How to Identify a Lemon?


You may be thinking, “I know there is a lemon law in my state, but how do I know whether it applies to my vehicle?”  As is often the case with the law, there is no simple answer to that question because the laws in every state are different.  While we are always willing to review your situation to see if you might qualify for our legal representation, generally we are interested in vehicles which were purchased new (or used but still under the manufacturer’s warranty), and which have been repaired at least three times or have been out of service by reason of repair for 20 days or longer.

The simplest way to find out if your car is a “lemon” is to call us at (888) 493-0770 and speak to one of our lemon law attorneys, or fill out our form for a free lemon case review.  Even if you think your vehicle would not qualify, you have nothing to lose by calling us, except your lemon.  There are exceptions to these general rules and other laws under which you may be able to make a claim for your defective vehicle or consumer product.  Our review of your situation is always free, regardless of whether or not you become our client.


In most situations, the lemon law will only apply to a motor vehicle which is purchased new and comes with a warranty.  However, if you bought a used car which came with a warranty, you can still sometimes qualify under a state lemon law or the Federal Magnuson-Moss Warranty Act.  This law covers all consumer products sold in the United States which cost more than $10 and which come with a warranty.  It is most commonly used for cases involving motor vehicles, but the lemon law lawyers at Luxenburg & Levin handle cases under the Magnuson-Moss Warranty Act involving campers, trailers, boats, personal watercraft (e.g. Jet-Ski’s), refrigerators, washer/dryer sets, televisions, computers and many other consumer products.  Some states include motorcycles and all-terrain vehicles (ATV’s) under their lemon laws and some do not.  So again, even if you think your situation does not qualify under your state’s lemon law, you have nothing to lose by submitting our form for a free lemon case review.  If your vehicle or other consumer product has been repaired repeatedly (usually at least three repairs) under the terms of the manufacturer’s warranty, we would be glad to review your situation at any time.

Leased vehicles are usually covered the same as if you had purchased the vehicle.  In addition, the lemon laws are consumer law statutes, so most states provide that your vehicle must be used for personal, family or household purposes.  Business vehicles are often excluded from the lemon laws unless they are used as your personal vehicle as well.  However, the Luxenburg & Levin lemon law attorneys have handled many cases involving commercial and business vehicles in the past under other state laws.  Please call our lawyers with any commercial vehicle questions to see if we can help or fill out our form for a free lemon case review.  Just because you can’t meet your state’s lemon law qualifications does not always mean that we can’t help you.


Every state’s lemon law has a specific period after the delivery of the vehicle during which that vehicle would potentially qualify for lemon law relief.  The lemon law coverage periods range from one to two years after delivery of the vehicle.  There is also usually a mileage component to the state lemon law coverage periods.  These mileage limits range from 12,000 to 24,000 miles after delivery.  Most lemon laws limit vehicles which qualify for relief to those within these age or mileage limitations, whichever limit is passed first.  There are sometimes exceptions to the general rules.  In addition, as explained above, you might also qualify for compensation under the Federal Magnuson-Moss Warranty Act even if you don’t qualify under your state’s lemon law.  As always, the best way to find out if we can help you is to call us at (888) 493-0770 and speak to one of our lemon law attorneys, or fill out our form for a free lemon case review.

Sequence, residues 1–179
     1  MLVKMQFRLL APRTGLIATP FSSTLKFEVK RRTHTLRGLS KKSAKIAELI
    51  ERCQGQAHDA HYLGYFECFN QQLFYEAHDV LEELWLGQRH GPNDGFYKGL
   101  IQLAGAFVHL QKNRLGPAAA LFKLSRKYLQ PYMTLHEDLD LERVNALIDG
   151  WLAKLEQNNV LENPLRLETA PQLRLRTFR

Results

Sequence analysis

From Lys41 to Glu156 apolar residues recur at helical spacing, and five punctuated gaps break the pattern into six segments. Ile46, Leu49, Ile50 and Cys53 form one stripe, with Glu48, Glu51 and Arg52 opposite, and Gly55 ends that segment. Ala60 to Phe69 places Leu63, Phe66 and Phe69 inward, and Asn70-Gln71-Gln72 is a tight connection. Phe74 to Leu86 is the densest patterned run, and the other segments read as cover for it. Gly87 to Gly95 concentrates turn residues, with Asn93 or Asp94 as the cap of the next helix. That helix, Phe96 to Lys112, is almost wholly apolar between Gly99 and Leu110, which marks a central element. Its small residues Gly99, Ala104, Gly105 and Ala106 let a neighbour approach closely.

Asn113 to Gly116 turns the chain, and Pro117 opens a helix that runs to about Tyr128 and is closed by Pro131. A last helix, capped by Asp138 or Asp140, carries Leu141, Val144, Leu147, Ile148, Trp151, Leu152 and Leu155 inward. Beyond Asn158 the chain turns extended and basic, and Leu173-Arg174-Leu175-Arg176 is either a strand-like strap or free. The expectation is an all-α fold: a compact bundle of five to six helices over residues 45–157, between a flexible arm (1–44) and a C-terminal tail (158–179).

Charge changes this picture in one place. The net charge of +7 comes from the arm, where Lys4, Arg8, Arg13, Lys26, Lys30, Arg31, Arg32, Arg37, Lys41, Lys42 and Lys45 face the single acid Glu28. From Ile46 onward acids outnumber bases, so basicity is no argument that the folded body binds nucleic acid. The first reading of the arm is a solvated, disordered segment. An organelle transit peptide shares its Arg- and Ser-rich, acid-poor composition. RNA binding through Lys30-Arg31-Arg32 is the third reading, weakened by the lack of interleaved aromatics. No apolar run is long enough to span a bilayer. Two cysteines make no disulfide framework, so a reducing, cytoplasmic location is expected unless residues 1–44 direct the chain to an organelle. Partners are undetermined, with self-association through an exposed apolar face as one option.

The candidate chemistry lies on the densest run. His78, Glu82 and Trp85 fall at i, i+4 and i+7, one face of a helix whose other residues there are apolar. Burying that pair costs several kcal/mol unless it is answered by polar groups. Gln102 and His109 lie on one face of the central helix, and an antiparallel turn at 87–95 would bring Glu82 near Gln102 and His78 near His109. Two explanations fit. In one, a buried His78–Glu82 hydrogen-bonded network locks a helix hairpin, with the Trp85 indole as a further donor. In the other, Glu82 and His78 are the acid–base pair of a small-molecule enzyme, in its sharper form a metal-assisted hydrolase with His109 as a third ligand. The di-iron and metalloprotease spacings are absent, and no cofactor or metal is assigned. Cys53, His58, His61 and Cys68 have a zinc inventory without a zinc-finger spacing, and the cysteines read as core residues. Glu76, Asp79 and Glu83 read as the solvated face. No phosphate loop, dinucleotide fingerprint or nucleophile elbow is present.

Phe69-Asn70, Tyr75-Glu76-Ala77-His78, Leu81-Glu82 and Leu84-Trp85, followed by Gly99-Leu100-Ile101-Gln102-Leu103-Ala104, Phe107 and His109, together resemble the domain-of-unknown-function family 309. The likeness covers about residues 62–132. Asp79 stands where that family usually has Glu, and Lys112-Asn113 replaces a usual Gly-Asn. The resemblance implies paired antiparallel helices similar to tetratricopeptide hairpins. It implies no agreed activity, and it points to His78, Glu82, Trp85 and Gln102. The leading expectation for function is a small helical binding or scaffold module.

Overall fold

Most state lemon laws require that the manufacturer and/or its authorized dealers repair a defect in your vehicle within a “reasonable” number of repair attempts.  What does “reasonable” mean?  As we sometimes tell our lemon law clients, it means whatever a judge or a jury says it means.  Seriously though, the word “reasonable” is used every day throughout every legal field in many different contexts.  Therefore, most states have defined in their lemon law what exactly is considered a “reasonable” number of repairs to your lemon vehicle.  These standards are usually called “presumptions,” as in, it is presumed that the manufacturer and/or its authorized dealers have failed to repair your vehicle within a “reasonable” number of repair attempts.  

These presumptions usually involve a specific number of failed repair attempts or a certain number of days out of service during the lemon law coverage period.  Usually, the lemon laws require 3 or 4 failed repair attempts or 30 days out of service by reason of repair (which can be calendar days or business days, depending upon your state), but there are exceptions.  Many states do not require as many repair attempts if the defect in your vehicle could cause death or serious injury if the vehicle is driven.  Some states only allow one attempt for the manufacturer and/or its authorized dealer to repair your vehicle if the defect could cause death or serious injury.  Some states also allow a vehicle to qualify under the lemon law if there have been a certain number of repair attempts in total, regardless of whether the repairs are related.  Not every defect in your vehicle would always qualify for lemon law relief.  Many states have exceptions for “fit and finish” type items, and usually the defect must substantially impair the use, value and/or safety of your vehicle.

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